6. Continue flipping until both sides are cooked and water has evaporated.

Fruit Smoothie

1 cup milk
2 ripe bananas, peeled and broken into quarters
1 pear, peeled and cut into medium-sized pieces
A handful of blueberries (or strawberries), washed

1/2 cup sweetened yogurt (optional)
Ice cubes (optional)
Honey (optional, if fruit isn’t ripe/sweet)

1. Put fruit and milk (and optional ingredients) in blender.
2. Blend for one minute (longer if you use ice), or until smooth.
3. Drink immediately. (You won’t be able to resist anyway!)
4. Adjust proportions to your preference.

Makes 2 large glasses.

You can pretty much use whatever fruit you like in addition to bananas. We prefer berries, (Asian) pears, peaches, and mangoes, whenever they are in season. (We’ve noticed that a lot of fruits only appear in fruit stores at certain times of the year. Thankfully bananas seem to always be in season!)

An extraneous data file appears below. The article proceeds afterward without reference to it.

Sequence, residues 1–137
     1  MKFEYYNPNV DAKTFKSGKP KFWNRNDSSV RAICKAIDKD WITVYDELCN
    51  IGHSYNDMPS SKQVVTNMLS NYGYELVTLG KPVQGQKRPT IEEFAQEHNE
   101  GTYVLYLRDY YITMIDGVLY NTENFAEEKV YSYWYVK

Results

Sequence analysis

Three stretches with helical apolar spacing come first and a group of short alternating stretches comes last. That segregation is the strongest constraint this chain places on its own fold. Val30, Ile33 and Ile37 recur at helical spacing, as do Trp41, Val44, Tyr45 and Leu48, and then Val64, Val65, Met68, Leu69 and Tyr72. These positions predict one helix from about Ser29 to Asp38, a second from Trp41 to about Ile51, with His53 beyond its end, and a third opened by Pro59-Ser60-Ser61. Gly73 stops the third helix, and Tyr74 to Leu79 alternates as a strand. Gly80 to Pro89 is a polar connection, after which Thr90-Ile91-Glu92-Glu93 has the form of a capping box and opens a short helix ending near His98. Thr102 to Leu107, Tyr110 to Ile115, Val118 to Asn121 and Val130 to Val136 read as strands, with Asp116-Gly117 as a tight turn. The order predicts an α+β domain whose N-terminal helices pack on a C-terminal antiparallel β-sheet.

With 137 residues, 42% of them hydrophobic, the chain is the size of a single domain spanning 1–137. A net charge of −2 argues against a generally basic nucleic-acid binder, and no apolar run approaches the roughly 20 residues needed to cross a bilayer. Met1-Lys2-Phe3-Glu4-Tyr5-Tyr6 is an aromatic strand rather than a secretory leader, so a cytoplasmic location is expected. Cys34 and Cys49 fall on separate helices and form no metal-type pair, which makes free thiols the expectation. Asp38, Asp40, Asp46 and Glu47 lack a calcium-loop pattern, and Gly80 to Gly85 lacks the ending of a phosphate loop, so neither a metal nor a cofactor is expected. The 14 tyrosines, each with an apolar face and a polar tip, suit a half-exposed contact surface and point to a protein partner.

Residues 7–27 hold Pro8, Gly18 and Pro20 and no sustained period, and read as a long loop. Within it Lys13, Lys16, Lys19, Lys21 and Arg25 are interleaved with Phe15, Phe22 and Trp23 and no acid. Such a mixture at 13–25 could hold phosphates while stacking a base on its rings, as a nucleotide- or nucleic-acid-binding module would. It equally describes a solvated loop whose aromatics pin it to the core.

Home fries

4-6 potatoes, peeled and diced
1 onion (or green onion or chives), peeled and cut
1 green pepper, peeled and cut
Olive oil
2 tsp black pepper
2 tsp salt
1 tsp other spices (paprika/chili flakes/basil/dill/cumin/etc.)

2 tbsp sesame seeds (optional)

1. Boil a few cups of water in large pot. Add potatoes, bring to a boil, and cook for another 5-10 minutes, depending on size of potato pieces.
2. Heat 1 tsp of oil in pan, put onion in and fry for 2 minutes.
3. Add green pepper and fry for another 2 minutes. Transfer to a bowl and set aside.
4. When potatoes are almost cooked (before they turn mushy!), turn off heat and drain. Throw them back in pot and add salt, pepper, spices, 1 tbsp olive oil. Toss until evenly coated.
5. Heat 1 tbsp oil in pan, add potatoes. Move them around every 30 seconds until sides are browned. (If not using non-stick pan, flip them more frequently so they don’t burn!) Add more oil if necessary.
6. When potatoes are sufficiently browned, pour onion and pepper mixture back into pan. Remove from heat when potatoes are fully cooked.
7. Sprinkle with sesame seeds and serve with ketchup.